American Vampire

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American Vampire
Cover of American Vampire #1.
Publication information
Publisher Vertigo
Schedule Monthly
Format Ongoing series
Publication date March 2010
Number of issues 34
4 (ongoing) Second Cycle
Main character(s) Pearl Jones
Skinner Sweet
Creative team
Writer(s) Scott Snyder (#1-)
Stephen King (#1-5)
Artist(s) Rafael Albuquerque Mateus Santolouco
Colorist(s) Dave McCaig
Creator(s) Scott Snyder
Rafael Albuquerque
Collected editions
Hardcover ISBN 978-1-4012-2830-9

American Vampire is an Eisner Award-winning[1] comic book series created by writer Scott Snyder[2] and Rafael Albuquerque.

The series imagines vampires as a population made up of many different secret species, and charts moments of vampire evolution and inter-species conflict throughout history. The focus of the series is a new American bloodline of vampires, born in the American West in the late 19th century. The first of this new species is a notorious outlaw named Skinner Sweet, who wakes from death, after being infected, to find he has become a new kind of vampire, something stronger and faster than what came before, impervious to sunlight, with a new set of strengths and weaknesses. The series goes on to track his movements through various decades of American history - along with the movements of his first and only known progeny: Pearl Jones, a young woman working as a struggling actress in the 1920s silent film industry when she is attacked by a coven of European vampires hiding in Hollywood. Sweet saves her (uncharacteristically) by giving her his blood, thereby turning her into an American vampire like him, at which point she seeks revenge on the classic vampires who attacked her in life. The complicated and charged relationship Jones has with Sweet is another focus of the series.

The first five issues featured two stories — one by Snyder and the other by Stephen King, both drawn by Rafael Albuquerque.[3][4] As of the sixth issue, Scott Snyder has taken over as sole writer.[5]

American Vampire has spun off two mini-series. The first, "Survival of the Fittest", illustrated by Sean Murphy focuses on the cases files of the V.M.S., the vampire hunting organization of the series. The second, "Lord of Nightmares", illustrated by Dustin Nguyen further focuses on the mythology presented by Survival of the Fittest. In June 2013, a one shot co-written by Snyder and Albuquerque (who also illustrates the 64-page issue), entitled "Long Road to Hell" which features vampire hunter Travis Kidd, was released.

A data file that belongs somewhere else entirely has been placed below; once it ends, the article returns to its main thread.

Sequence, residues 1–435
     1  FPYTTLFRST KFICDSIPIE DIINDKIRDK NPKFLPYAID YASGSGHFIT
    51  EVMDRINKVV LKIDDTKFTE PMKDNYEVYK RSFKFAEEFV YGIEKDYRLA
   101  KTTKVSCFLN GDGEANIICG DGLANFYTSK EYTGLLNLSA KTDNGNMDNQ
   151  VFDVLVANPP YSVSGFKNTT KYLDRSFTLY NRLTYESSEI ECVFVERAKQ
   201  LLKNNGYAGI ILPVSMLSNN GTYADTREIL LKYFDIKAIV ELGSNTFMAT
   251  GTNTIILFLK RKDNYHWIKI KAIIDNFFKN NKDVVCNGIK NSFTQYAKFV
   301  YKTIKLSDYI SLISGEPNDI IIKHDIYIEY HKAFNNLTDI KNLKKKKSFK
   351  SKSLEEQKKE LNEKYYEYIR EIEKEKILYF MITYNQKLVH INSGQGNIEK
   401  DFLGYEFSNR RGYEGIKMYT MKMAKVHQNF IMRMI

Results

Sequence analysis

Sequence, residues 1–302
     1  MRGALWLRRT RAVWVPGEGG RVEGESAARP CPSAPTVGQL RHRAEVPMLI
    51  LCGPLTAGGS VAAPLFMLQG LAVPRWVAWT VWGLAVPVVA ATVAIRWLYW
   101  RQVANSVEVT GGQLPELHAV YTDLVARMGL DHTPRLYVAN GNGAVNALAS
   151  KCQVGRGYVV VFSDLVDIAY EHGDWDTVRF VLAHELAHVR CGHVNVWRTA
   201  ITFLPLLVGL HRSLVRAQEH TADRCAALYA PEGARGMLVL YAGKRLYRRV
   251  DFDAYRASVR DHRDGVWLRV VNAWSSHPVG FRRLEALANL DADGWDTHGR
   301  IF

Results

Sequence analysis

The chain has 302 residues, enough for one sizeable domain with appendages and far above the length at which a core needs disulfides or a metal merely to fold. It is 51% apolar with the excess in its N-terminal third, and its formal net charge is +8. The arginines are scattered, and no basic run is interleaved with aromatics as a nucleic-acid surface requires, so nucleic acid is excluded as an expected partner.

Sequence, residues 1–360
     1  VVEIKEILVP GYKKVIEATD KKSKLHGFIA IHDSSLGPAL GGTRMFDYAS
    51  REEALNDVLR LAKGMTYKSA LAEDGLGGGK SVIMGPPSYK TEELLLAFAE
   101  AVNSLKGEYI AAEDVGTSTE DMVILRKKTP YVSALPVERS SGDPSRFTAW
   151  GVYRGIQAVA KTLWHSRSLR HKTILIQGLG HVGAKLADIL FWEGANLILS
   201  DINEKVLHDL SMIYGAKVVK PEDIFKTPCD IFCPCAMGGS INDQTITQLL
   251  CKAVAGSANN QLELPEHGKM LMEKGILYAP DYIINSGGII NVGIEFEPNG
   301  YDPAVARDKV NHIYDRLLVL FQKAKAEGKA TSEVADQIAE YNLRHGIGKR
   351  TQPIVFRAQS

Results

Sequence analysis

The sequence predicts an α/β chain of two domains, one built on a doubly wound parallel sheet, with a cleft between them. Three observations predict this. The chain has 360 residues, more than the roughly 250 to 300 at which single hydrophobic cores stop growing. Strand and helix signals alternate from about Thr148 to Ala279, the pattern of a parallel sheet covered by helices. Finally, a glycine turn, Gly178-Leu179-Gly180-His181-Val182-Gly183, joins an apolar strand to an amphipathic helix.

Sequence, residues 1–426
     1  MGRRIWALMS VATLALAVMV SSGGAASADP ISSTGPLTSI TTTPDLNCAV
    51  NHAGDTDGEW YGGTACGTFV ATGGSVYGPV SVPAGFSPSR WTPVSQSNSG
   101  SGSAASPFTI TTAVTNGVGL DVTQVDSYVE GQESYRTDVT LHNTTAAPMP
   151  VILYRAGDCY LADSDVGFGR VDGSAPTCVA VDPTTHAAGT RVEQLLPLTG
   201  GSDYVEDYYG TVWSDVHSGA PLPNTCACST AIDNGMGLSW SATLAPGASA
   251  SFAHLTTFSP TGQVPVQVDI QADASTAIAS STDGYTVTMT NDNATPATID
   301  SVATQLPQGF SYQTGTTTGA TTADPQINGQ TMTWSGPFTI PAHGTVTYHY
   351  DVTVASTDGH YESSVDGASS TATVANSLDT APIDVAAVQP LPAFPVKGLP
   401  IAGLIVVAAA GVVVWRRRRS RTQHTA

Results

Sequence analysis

The series will explore notions of vampire evolution and trace the bloodline of a new kind of vampire,[6] an American species, with new powers and characteristics, through various decades of American history.[7]

The first story arc (issues #1-5) begins in 1925, from the point of view of an aspiring actress in L.A. and of a writer at a book conference due to the reediting of his book Bad Blood. Here, the author claims that his work which has been long considered a fictional western/terror story is actually based on true events which he has either witnessed or has collected reliable information on.

The second story arc (issues #6-9) follows the chief of police of Las Vegas in 1936. Taking the name Joe Smoke Skinner Sweet has set him self up as on of infant city of Las Vegas' up and coming mobsters.

The third story arc takes place during World War II in the 1940s. Also during this decade, there is a mini series with Felicia Book.

The fourth and fifth story arcs take place during the 1950s.

Publication history[edit]

This series publication began on March 17, 2010.[8][9] with the release of American Vampire #1. This is the first comic which features original Stephen King scripting who was contracted to the initial five issues.


  • Skinner Sweet - An outlaw who lived in the Wild West. He was turned into a vampire when the blood from Percy, a vampire banker, fell into his eye during a fight while he was escaping from being hanged. After being trapped into a coffin sunken sixty-six feet under water, he escaped and hunted the vampires who tried to kill him. In 1936, Sweet has relocated to Las Vegas, where he opened a brothel, using the name Jim Smoke.
  • Pearl Jones - An aspiring actress in the 1920s who was ambushed by a group of vampires led by a vampire director named B.D. Bloch during one of his parties. She was left for dead at a pit in the desert, but was saved by Sweet when he dropped his blood on her eye, turning her into a vampire. She has relocated to Arrowhead, California, using the surname of her husband, Henry Preston, while she is hiding from the other vampires.